(Véronique LaCapra/St. Louis Public Radio)

Forty-three teams of teens from Missouri and four surrounding states be competing in the FIRST (For Inspiration and Recognition of Science and Technology) Robotics Competition regional this weekend at Chaifetz Arena in St. Louis.

(You can see a full feature on last year's FIRST competition here, too).

(Art Chimes)

The Village of Roxana, Ill. filed suit today over contamination from the Wood River Oil Refinery.

The suit against Shell Oil, ConocoPhillips, and WRB Refining alleges damage to village property from chemicals that have spilled or leaked from the refinery.

Derek Brandt is the lead attorney on the case for the Simmons Firm, which has joined Roxana Village Attorney James Schrempf in the suit.

Asha Paudel

The Himalayan mountain range in Asia is one of the highest places in the world, with several peaks rising above 8,000 meters. It’s also one of the most vulnerable to climate change.

Seven years ago, Missouri Botanical Garden senior curator of ethnobotany Jan Salick traveled to the Himalayas to begin a study of how climate change is affecting alpine plants—and the local people who depend on them.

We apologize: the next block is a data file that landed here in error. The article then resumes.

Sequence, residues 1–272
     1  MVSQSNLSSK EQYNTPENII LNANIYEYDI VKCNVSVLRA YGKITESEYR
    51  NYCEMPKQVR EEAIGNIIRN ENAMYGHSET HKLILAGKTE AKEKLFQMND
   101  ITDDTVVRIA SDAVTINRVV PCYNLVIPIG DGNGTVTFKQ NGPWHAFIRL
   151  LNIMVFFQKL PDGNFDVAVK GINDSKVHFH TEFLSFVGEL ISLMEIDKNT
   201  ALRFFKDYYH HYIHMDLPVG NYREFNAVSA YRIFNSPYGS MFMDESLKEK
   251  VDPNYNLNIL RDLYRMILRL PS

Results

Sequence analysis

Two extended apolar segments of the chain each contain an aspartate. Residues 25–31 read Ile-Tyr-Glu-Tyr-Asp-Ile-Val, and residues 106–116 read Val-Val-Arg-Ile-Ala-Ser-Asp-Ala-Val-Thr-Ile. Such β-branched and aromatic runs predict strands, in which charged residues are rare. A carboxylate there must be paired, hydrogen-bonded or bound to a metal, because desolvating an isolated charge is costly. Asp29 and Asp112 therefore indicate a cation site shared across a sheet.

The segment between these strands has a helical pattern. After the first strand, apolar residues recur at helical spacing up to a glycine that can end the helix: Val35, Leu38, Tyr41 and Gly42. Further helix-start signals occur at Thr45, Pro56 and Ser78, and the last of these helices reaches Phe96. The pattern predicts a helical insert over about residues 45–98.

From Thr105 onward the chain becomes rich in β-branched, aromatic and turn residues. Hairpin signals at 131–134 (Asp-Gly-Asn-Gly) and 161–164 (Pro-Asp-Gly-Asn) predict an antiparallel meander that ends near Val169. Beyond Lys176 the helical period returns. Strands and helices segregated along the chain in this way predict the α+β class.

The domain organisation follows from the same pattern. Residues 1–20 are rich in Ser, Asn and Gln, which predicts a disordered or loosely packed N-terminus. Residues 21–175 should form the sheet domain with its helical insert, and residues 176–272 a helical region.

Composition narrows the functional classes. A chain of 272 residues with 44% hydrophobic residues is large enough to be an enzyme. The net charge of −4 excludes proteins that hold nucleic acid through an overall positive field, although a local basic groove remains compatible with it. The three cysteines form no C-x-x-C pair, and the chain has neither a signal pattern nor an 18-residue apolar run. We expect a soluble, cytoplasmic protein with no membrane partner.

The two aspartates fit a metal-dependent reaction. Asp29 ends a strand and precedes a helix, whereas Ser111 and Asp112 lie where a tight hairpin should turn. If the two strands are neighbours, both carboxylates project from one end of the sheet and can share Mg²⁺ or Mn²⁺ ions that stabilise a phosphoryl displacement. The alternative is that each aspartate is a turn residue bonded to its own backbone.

St. Louis Public Radio's Véronique LaCapra sat down with Salick to talk about her research.

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An eastern Missouri lead smelter scheduled to close next year could eventually make way for commercial and industrial uses.

Doe Run Co. operates the smelter in Herculaneum. It will close in 2013 after years of wrangling over environmental concerns.

(via NASA/Goddard SVS)

Updated 4:43 p.m. with comment from Glynnis Collins of the Prairie Rivers Network.

A coalition of environmental groups is taking legal action to push the U.S. Environmental Protection Agency to limit nutrient pollution.

(via Saint Louis Zoo)

Updated 4:36 p.m. with comment from Jeffrey Bonner.

The Saint Louis Zoo has announced plans to buy the Forest Park Hospital site on Oakland Avenue, just south of Highway 40. The acquisition would allow the zoo to expand its parking, research, and office space.